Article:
Games Done Quick is a semiannual video game speedrunning charity event. The two main marathons they run, Awesome Games Done Quick and Summer Games Done Quick, aim to raise money for various charities by gathering the best and most entertaining speedrunners in the gaming community to showcase their skills on Twitch.
The environment is especially appealing because there is a live audience, the speedrunner communicates their thoughts in real time, and there’s often a few select couch commentators who offer insight, jokes, and anything to maintain the vibe and pace of the event. Add the fact that an announcer will read off donations every now and then, and you have the makings for an inclusive, entertaining, and heartwarming gaming event.
Of course, that’s when the event is at its best – just because someone is good at speedrunning doesn’t mean they’ll necessarily be great on the mic in front of a live audience. And for the lesser games, it’s not uncommon for complete randoms to get a spot on the couch. For short games, it might not be too bad; for the longer ones, it could spell disaster.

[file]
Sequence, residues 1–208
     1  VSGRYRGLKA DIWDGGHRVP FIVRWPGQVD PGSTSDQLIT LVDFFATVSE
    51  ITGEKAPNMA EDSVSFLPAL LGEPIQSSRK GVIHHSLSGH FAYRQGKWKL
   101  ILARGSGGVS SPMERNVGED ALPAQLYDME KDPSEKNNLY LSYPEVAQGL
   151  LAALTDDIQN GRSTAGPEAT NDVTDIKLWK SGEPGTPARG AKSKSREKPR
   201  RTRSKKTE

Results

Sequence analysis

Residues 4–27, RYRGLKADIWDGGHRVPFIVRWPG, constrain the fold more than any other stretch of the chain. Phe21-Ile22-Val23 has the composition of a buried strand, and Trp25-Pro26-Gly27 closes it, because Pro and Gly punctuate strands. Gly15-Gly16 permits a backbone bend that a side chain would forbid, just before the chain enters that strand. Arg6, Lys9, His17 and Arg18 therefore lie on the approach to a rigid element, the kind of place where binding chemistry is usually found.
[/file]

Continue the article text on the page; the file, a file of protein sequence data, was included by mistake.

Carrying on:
Cue: Tomba 2, SGDQ 2014.
SGDQ 2014 – Tomba 2 By CavemanDCJ
CavemanDCJ is a Tomba 2 speedrunner, and he was booked to showcase his skills at the 2014 edition of Summer Games Done Quick. The run itself is pretty good, clocking in at 1:17:27ms, but the reason this run stands out as one of the more infamous GDQ runs isn’t because of the gameplay, but everything outside of it. Equal thanks go to both CavemanDCJ, and one of the couch commentators, Chibi.
Chibi didn’t know CavemanDCJ beforehand and didn’t seem to know anything about Tomba 2, which makes him an already splendid candidate for couch commentary. Qualifications didn’t deter this brave soul, and he sat down next to Caveman, mic in hand, and proceeded to make history.
The forced jokes, the deadpan responses by Caveman, the tension building up to that epic moment 20 minutes in, the lifesaving interjections by the announcer – all of these and more make this one of the hardest speedruns to watch. Having said that, don’t be deterred, for it is a must-see.
While the full run is worth watching since it allows you to steep in the awkwardness the whole way through, a YouTube video featuring all of the most awkward moments was made. It has over 4 million views, and it’s like a shot of cringe into your veins.
While Caveman went on a rant on his own stream after the event, people were sympathetic to Chibi overall, as it was apparent that he was out of his element. Despite the forced humor and the awkwardness around his appearance, he maintained a positive attitude and had no ill-will towards anybody, which garnered him support. To quote comedian Bo Burnham: “cringe is a form of empathy.”